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Purdue Reaches $10 Billion Settlement In Opioid Lawsuits

By Kelly Burch 09/12/19

The deal does not include any admission of wrongdoing by Purdue Pharma or the Sackler family. 

gavel sitting on top of cash from a lawsuit settlement
ID 62880718 © Oleg Dudko |

Purdue Pharma, the most infamous manufacturer of prescription opioid pills, has reached a multi-billion dollar settlement with thousands of state, city and county governments that are suing the maker of OxyContin for its alleged role in the opioid epidemic. 

The deal was first reported Wednesday evening (Sept. 11). The details were not immediately made public, but The New York Times reported the basics of the settlement: Purdue will declare bankruptcy.

What Happens To Purdue?

A new company will be formed to sell OxyContin, and the profits from those sales will go to Purdue’s settlement payout. The Sackler family, which owns Purdue, will contribute $3 million to the settlement over seven years. In addition, Purdue will donate prescriptions, including those for addiction treatment. NBC News reported that the settlement is worth $10-12 billion overall. 

The deal does not include any admission of wrongdoing by Purdue Pharma or the Sackler family. 

According to NBC News, as of Thursday (Sept. 12), at least 20 states have rejected the deal while legal officials in 27 states are reportedly in favor of the deal, which still needs to be approved by a bankruptcy judge and the board of Purdue Pharma.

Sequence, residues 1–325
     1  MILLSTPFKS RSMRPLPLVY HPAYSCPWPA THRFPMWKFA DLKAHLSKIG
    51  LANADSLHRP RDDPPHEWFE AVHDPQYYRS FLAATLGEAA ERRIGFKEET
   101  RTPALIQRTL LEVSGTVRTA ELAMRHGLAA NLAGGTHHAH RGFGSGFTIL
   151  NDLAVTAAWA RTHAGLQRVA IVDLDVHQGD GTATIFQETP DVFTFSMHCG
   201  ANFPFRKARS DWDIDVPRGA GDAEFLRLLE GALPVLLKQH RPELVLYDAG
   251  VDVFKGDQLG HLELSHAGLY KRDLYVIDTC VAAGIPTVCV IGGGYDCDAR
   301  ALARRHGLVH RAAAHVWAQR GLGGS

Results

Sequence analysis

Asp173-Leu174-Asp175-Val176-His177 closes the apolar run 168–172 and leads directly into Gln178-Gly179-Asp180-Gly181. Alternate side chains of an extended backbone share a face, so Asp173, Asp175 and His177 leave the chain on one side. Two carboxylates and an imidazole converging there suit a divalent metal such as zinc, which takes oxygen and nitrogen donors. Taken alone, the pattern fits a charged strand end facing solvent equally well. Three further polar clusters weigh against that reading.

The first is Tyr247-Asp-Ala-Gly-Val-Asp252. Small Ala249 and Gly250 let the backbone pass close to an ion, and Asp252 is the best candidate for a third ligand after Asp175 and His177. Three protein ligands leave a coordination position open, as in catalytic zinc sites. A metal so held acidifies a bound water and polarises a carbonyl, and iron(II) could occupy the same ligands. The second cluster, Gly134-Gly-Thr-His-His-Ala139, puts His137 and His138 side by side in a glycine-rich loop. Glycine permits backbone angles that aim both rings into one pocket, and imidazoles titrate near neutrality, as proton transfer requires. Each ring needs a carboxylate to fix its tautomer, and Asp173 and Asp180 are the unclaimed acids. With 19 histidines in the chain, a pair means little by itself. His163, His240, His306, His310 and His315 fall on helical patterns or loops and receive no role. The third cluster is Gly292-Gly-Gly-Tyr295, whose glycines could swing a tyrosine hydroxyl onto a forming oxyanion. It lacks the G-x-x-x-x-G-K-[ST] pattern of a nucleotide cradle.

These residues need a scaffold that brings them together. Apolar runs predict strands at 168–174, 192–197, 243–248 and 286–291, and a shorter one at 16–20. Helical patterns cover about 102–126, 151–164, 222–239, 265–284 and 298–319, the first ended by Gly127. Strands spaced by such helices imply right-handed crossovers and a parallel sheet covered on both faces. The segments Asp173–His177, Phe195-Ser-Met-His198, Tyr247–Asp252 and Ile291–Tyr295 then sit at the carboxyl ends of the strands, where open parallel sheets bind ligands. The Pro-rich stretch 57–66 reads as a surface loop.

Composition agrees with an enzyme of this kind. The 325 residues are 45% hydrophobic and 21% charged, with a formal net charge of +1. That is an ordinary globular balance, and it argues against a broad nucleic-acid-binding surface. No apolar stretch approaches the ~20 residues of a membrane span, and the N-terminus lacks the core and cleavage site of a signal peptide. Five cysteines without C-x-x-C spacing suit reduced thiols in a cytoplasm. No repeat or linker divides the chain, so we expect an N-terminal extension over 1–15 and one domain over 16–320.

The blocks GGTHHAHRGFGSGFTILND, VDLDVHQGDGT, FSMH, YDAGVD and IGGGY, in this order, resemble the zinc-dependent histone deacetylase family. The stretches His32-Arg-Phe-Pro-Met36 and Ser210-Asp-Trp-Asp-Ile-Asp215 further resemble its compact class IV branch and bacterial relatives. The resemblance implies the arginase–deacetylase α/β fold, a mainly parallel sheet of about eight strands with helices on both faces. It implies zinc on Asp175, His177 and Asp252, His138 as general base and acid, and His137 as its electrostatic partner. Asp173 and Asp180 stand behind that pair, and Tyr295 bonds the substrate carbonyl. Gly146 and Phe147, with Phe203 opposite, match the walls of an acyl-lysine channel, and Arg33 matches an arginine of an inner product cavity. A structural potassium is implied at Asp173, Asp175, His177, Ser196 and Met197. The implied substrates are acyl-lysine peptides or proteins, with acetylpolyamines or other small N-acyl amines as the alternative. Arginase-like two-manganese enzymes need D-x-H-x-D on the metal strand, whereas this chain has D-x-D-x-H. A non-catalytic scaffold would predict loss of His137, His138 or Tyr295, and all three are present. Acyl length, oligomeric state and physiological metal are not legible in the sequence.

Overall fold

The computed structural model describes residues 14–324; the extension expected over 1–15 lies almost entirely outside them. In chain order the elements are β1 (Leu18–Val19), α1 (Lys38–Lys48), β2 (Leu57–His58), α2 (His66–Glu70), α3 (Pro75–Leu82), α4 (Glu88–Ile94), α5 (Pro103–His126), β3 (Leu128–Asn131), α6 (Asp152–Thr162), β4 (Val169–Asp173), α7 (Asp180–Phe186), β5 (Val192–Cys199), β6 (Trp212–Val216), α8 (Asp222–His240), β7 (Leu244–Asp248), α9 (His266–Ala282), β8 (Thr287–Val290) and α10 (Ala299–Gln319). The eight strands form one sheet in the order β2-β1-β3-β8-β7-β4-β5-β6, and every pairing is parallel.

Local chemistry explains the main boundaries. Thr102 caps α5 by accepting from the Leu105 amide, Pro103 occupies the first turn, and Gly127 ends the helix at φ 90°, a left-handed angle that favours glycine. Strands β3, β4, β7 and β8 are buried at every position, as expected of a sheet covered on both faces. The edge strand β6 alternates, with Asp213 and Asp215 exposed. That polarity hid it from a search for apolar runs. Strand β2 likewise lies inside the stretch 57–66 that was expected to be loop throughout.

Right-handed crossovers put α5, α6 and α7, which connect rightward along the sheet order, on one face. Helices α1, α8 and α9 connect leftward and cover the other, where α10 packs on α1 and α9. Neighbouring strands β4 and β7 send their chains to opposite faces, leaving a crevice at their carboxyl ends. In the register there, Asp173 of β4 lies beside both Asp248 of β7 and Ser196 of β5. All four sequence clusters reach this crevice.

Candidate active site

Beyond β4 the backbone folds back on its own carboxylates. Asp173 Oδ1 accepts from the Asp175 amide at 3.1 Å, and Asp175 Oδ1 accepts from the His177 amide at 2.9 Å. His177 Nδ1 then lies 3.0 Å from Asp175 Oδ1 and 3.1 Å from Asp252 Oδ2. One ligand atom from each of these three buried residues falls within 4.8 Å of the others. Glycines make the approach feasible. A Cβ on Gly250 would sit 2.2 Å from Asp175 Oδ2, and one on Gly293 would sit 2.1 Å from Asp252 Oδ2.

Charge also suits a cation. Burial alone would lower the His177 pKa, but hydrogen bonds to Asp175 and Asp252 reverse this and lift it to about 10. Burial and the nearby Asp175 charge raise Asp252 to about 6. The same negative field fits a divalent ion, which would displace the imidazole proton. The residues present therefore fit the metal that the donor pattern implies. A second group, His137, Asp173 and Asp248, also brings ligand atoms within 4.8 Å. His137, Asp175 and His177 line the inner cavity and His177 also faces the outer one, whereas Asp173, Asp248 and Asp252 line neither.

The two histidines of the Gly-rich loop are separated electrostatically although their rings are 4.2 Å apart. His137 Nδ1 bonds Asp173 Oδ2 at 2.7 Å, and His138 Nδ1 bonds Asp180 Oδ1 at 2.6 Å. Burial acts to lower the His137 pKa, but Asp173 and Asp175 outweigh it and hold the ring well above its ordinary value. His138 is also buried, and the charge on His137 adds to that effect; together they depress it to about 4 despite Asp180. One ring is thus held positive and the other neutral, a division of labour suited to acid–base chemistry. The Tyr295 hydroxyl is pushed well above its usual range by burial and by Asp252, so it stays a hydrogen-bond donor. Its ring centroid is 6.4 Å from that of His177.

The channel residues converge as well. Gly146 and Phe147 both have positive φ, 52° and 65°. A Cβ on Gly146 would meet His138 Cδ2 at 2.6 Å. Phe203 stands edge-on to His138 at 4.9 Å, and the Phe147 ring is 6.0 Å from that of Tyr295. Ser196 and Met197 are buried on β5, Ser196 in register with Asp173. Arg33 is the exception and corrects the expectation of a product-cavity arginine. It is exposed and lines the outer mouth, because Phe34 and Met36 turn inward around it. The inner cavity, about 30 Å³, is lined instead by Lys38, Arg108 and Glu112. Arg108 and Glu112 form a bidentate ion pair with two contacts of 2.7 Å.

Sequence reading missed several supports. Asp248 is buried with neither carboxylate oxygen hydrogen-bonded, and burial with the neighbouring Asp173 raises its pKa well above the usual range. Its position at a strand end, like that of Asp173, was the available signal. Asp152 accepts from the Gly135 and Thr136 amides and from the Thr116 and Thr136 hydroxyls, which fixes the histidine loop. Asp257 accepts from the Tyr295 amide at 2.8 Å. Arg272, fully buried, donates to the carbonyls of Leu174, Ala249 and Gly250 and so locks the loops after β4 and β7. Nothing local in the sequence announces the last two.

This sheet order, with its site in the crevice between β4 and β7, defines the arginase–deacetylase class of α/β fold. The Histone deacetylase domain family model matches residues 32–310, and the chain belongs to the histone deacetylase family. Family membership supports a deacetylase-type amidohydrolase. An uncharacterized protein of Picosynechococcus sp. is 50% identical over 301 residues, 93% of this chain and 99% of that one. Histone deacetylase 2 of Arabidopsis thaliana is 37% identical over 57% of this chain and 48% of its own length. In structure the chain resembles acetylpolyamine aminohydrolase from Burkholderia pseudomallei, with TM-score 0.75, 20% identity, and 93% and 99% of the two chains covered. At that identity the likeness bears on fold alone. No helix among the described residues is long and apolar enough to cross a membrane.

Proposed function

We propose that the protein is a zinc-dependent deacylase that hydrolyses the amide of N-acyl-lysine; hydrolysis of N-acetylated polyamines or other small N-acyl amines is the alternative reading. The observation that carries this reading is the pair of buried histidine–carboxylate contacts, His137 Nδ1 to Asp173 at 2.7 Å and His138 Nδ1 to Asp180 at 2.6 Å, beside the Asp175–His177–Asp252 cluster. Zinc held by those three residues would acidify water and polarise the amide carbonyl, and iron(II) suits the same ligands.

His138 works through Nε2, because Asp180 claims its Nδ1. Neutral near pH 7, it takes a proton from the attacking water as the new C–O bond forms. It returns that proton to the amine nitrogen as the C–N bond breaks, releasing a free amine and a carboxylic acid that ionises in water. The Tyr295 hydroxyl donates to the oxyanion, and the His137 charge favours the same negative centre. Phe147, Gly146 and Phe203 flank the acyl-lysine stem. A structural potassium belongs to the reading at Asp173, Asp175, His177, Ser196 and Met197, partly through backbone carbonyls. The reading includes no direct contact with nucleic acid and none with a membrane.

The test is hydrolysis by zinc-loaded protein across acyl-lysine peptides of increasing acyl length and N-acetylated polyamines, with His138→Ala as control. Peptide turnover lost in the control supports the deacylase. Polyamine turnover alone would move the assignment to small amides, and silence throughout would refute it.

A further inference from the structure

"We are proud to participate in the nation’s most significant step in addressing this deadly crisis,” Texas attorney general Ken Paxton said through a spokesperson. 

Tennessee Attorney General Herbert Slatery, who earlier this week predicted that Purdue would likely file for bankruptcy, said the settlement “would secure billions of dollars nationwide to go toward addressing the devastating effects of the opioid epidemic and will result in the Sackler family divesting themselves of their business interests in the pharmaceutical industry forever.”

Florida Attorney General Ashley Moody said that the settlement was historic and will help provide treatment. 

“Sadly, this agreement cannot bring back those who have lost their lives to opioid abuse, but it will help Florida gain access to more life-saving resources and bolster our efforts to end this deadly epidemic,” Moody said. 

The Opposition Calls The Settlement "An Insult"

However, not everyone was satisfied with the settlement. At least 20 states have opted not to sign on to the deal. New York Attorney General Letitia James had one of the strongest reactions, calling the settlement “an insult, plain and simple.”

Other states want to hold onto their right to sue the Sackler family personally. 

“If Purdue cannot pay for the harm it inflicted, the Sacklers will,” said New Jersey Attorney General Gurbir S. Grewal. 

Massachusetts Attorney General Maura Healey wanted to see Purdue Pharma and the Sackler family forced to admit wrongdoing. 

“It’s critical that all the facts come out about what this company and its executives and directors did, that they apologize for the harm they caused, and that no one profits from breaking the law,” she said. 

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Kelly Burch writes about addiction and mental health issues, particularly as they affect families. Follow her on TwitterFacebook, and LinkedIn.

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